Code of practice agreed for Cambridge punt touts

Punt in front of King's College, Cambridge
Image caption Cambridge City Council hopes the voluntary code of practice will regulate punt touting in the city

Punt touting in Cambridge is to be regulated by a voluntary code of practice drawn up by the city council.

The code is intended to "reduce the nuisance of commercial touts to businesses and the public".

It includes an agreed touting area for each company, limits the number of touts and sets out standards of behaviour when dealing with the public.

Councillor Neil McGovern said companies had responded positively to the code, which comes into effect on 1 April.

He said the code was necessary as businesses and visitors had complained about the number of "very annoying" touts in Cambridge.

A survey carried out by tourism website Visit Cambridge in summer 2011, found an average of 23 touts operating daily in the most popular tourist areas of the city.

'Best practice'

From 1 April, commercial punt licenses will only be granted to businesses operating from six punt stations at Granta Mill Pond, Mill Pit west, Mill Pit east, Trinity College frontage, Quayside and La Mimosa.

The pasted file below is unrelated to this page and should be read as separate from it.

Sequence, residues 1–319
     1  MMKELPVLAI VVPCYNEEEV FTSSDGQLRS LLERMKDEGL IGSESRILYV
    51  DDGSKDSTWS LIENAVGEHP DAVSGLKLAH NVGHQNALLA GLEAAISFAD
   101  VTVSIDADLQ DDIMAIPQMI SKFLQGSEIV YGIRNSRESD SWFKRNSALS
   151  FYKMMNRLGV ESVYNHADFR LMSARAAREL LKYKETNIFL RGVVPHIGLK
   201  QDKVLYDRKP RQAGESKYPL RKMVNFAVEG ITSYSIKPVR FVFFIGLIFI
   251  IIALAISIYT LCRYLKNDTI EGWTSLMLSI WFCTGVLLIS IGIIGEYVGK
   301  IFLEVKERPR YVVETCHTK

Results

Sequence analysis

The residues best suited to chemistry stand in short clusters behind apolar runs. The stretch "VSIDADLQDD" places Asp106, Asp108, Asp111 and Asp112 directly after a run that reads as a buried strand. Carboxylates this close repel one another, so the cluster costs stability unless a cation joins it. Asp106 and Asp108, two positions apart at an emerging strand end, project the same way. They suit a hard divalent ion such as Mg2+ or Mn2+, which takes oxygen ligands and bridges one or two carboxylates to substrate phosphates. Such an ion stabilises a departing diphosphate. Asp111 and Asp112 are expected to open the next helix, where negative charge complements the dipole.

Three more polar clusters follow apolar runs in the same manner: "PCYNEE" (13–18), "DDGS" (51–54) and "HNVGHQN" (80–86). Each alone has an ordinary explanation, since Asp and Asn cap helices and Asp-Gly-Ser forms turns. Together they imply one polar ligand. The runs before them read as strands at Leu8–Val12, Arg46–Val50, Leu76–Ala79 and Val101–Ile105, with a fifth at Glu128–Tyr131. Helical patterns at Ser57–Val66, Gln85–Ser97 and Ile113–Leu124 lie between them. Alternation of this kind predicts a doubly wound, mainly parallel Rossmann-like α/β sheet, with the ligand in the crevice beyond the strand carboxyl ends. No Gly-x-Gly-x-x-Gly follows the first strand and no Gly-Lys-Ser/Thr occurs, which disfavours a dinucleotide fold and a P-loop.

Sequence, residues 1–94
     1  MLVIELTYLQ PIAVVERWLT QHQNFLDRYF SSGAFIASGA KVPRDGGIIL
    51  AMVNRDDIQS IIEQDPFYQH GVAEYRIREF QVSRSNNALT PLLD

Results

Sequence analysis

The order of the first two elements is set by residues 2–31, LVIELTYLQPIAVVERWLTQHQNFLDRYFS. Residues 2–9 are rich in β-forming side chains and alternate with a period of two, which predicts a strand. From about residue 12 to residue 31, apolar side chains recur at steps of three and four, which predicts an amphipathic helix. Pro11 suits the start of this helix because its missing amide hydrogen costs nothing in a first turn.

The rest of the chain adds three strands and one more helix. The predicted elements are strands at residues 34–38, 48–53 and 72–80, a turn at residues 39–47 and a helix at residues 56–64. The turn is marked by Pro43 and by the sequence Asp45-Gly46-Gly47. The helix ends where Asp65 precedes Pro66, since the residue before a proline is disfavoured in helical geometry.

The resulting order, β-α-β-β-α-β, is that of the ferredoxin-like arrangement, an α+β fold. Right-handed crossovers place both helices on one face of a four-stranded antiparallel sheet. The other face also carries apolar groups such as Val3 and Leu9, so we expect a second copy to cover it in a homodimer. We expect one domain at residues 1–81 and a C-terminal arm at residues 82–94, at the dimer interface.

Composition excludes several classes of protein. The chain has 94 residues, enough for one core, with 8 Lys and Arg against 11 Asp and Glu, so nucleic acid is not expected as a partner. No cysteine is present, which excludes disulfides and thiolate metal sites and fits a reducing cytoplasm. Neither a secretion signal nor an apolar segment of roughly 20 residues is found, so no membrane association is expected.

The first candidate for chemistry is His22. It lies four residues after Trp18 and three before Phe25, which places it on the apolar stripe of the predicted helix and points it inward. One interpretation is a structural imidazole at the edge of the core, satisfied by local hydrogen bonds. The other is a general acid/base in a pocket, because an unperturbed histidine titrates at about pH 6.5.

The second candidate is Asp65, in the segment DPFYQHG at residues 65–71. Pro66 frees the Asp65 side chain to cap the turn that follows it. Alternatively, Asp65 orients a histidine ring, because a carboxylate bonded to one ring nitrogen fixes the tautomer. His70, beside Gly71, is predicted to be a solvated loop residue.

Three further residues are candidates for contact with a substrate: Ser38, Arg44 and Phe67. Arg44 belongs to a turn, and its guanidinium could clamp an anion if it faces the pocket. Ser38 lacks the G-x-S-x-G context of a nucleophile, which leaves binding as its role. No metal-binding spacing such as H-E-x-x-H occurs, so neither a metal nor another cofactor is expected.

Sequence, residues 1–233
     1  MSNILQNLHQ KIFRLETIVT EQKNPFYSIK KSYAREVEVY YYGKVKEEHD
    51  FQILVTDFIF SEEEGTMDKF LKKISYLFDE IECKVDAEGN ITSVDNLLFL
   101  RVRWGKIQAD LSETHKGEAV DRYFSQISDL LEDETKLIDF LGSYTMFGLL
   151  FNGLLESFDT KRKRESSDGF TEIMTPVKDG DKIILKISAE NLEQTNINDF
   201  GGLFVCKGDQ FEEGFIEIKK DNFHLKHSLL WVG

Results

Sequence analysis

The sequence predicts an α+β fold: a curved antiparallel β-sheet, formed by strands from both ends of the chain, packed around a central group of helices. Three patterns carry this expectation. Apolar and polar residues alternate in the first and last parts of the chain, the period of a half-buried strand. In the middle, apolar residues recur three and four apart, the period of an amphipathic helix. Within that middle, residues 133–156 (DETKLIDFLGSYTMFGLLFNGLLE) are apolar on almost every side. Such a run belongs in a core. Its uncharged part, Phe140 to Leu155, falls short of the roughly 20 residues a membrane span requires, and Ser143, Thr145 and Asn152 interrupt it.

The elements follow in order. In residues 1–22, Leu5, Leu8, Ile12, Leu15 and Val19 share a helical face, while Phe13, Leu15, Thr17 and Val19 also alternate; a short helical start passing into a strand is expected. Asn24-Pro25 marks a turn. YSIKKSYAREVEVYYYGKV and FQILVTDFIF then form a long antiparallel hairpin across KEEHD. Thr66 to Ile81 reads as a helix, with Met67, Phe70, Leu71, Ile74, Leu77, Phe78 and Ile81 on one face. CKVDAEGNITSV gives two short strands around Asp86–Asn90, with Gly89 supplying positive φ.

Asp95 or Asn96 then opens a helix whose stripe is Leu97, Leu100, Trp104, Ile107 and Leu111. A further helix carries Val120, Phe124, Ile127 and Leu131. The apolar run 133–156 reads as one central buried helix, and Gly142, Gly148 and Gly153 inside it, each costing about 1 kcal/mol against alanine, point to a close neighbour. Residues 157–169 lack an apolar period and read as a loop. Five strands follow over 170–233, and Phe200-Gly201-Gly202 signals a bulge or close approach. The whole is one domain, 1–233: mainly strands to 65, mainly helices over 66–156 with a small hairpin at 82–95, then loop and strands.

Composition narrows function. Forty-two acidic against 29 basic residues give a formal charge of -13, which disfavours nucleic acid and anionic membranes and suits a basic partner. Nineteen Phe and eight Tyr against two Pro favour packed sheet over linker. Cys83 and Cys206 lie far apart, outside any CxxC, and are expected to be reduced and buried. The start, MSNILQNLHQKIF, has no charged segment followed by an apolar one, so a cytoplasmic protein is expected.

Companies who sign up to the code will receive "a form of kite mark" indicating they adhere to standards of best practice.

Lawrence Austen, who owns Granta Punt Hire and operates from Granta Mill Pond, said: "We expect everybody on the river to have a good experience.

"We recognise the commitment of the code in that it promotes Cambridge in a positive way."

It will apply to all commercial operators on the River Cam, including river cruise companies.

The council said the success of the voluntary code relied on local authorities, the police and city centre managers "adopting the spirit of the code".

If it is unsuccessful at regulating touting, the council said it was "resolved to investigate further legal action".

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